Thanks in advance!
WENDI: Great question. I conferred with my doctor/husband and here is what we think ... Most likely he did have a hard time after shots and as a result he got you to wait on him during the time (which you have to do when they are sick.) I I often find that after a sickness I have to restart sleep training.

So now you have a baby who is thinking that he needs mom for comfort instead of sleep for comfort. So now you have to decide. It is my and hubby's opinion that he is not too young to sleep train.

If you really don't want to then you can just wait a bit and institute it in a few months but most likely the sleep issues will continue until then.

Personally I would go ahead and work to CIO with him now. Let me know if you'd like further direction with how to do that successfully!

But our diagnosis is sickness induced sleep regression!

Here is a link to what I recommend: My Sleep Bible.

To summarize, I would first start with nighttime. For now, if he's napping in his swing, I'd let him do that and just work on the night time. I am not sure what method we used exactly (a variation of Baby Wise -- not nearly as strict). We would give them up to 1 hour but usually 45 minutes. At that point, we'd go in, feed, change, and start the process over again always making sure to put baby down awake.

It is my opinion that if you implement this, within 1 week he'll be back to sleeping through the night. THEN you can work on naps.

What you are trying to teach him is that SLEEP brings comfort -- not MOm. Which he got confused when he got sick. (Travel can do the same thing!)
PATTY:  I meant to ask-should I swaddle the dude? Up till this past week, he has done well unswaddled. Now I'm realizing that he found his fingers (visually) and is in love with them. So while I think he's been napping-he's quietly been checking out his own digits...goodness!
WENDI: OH YES! SWADDLE!!! You can consider leaving an arm out if you think he needs it for comfort.
PATTY: Because I know you'll celebrate with me here-he slept 12 HOURS last night! He whimpered a little after 10 hours and fell asleep after about 3 minutes... The 2 nights previous...not so much! Again, he slept 12 hours last night and is still sleeping this morning. I can't believe it only took a couple nights of letting him work it out!

Onto I just need to be consistently watching for the cues and lay him down when he's not overtired? We've been getting one good nap a day and 2-3 shorter ones. That 45 minute wake up is a hard one for us to get past. Should I let him CIO for a nap or just hang on until he develops more structured naps?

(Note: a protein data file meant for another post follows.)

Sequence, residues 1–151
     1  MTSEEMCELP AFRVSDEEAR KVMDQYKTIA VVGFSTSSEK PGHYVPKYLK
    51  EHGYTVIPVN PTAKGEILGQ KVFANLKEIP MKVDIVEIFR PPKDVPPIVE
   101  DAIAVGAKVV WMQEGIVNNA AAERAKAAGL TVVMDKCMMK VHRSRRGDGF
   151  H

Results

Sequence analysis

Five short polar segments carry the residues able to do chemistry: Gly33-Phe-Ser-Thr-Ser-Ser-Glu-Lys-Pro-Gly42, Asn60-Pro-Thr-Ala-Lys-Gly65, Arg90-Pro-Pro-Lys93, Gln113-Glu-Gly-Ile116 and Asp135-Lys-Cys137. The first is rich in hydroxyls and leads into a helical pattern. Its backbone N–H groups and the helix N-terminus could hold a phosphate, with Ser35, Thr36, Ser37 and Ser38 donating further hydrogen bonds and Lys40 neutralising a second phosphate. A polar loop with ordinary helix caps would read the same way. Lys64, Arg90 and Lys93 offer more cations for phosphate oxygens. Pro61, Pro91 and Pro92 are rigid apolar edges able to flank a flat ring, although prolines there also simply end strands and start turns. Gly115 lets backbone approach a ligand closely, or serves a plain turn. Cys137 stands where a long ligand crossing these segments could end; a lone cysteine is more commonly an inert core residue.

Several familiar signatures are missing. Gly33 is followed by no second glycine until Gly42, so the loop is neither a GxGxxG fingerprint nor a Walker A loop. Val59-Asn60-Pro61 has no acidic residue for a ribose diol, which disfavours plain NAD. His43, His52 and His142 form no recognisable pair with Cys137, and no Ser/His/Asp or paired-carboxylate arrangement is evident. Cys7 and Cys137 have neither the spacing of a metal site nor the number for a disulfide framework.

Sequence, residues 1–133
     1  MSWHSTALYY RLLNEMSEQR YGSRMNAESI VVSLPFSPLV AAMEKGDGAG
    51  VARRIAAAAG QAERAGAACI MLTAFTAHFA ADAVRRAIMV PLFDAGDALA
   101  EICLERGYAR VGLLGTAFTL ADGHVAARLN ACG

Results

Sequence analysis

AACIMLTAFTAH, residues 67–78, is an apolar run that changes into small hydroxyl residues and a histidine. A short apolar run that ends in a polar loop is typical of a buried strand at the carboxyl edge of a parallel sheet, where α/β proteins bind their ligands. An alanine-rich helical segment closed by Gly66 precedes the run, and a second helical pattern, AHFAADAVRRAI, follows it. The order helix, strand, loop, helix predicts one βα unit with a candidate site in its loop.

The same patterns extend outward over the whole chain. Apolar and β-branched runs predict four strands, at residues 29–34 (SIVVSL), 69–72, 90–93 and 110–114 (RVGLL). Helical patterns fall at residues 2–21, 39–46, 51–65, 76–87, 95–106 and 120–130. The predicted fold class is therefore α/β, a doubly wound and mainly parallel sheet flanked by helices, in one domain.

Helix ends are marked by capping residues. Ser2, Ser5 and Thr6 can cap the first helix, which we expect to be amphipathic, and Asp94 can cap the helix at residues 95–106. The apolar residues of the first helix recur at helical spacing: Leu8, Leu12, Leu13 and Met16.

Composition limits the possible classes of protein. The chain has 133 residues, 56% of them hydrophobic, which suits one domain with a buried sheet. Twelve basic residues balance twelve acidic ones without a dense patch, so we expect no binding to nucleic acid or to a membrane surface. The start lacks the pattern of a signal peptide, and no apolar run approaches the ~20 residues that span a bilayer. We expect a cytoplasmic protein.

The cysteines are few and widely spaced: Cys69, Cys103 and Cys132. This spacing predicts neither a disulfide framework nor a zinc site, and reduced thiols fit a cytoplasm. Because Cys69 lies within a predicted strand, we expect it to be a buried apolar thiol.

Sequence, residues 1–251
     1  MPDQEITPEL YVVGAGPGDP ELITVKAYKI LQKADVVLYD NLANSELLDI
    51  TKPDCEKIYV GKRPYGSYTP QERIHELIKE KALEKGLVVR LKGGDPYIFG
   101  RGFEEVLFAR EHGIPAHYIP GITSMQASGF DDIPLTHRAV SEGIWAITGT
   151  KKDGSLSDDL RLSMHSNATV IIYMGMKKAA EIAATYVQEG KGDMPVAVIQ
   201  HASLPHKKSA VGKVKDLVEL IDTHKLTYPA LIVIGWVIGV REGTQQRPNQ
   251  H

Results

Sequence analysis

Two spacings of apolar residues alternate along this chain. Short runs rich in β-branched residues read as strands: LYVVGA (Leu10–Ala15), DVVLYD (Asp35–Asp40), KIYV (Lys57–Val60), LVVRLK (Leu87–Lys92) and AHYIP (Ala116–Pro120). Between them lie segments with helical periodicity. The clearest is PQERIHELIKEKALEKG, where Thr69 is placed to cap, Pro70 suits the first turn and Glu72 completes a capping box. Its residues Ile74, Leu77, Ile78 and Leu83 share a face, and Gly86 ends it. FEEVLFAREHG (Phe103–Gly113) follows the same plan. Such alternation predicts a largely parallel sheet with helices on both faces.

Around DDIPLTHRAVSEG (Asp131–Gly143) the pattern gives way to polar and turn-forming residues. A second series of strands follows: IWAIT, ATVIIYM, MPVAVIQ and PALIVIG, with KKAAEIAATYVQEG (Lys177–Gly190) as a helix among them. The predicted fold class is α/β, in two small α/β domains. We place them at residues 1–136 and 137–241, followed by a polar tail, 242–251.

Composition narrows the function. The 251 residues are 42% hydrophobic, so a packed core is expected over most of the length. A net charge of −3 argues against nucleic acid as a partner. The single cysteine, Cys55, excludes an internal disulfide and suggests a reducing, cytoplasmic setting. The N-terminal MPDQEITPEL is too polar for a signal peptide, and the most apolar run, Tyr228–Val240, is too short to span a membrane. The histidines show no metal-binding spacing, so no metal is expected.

For what it's worth, I am SO glad I asked for your advice. I would probably be getting up with him in the night still had you not reassured me that he was developmentally ready to figure out sleeping again. THANK YOU so much for sharing your wisdom and passion for sleeping children.
WENDI: You are so welcome. Honestly, it brings me such joy because I truly feel that under slept moms and babies are making for very hard parenthood.
So tell me what his nap schedule is right now?
PATTY: He's usually up at 8, naps from 9:30-10:15...occasionally he will go till 11. Then he goes back down at 12:30 and is up around 2. He will sleep longer, but we have preschool pick up! So if you count transferring him to the ergo (where he continues to sleep) he will sleep till 3. That's his solid nap of the day. Fri, sat, sun he will go 12:30-3 pretty consistently. After that, he's totally hit or miss. I swaddle him around 4;30 and lie him down so I can get dinner done. I generally end up transferring him to the swing, where he may or may not fall asleep for a short time. If he doesn't sleep, he takes a little snooze between 6:30 and I wake him at 7:30, after the older 2 are in bed, to do his bedtime, and he's generally in bed by 8. Sometimes, no matter how much he's in the swing, he won't sleep. I just don't have the hands to hold him while I'm making dinner and getting the other 2 kids into bed (if we deviate with them, they're up at 5:30 am-no thanks!). So, do I let him cry more in the evening? He already cluster feeds (which adds to the busy nights), so I don't think he's hungry....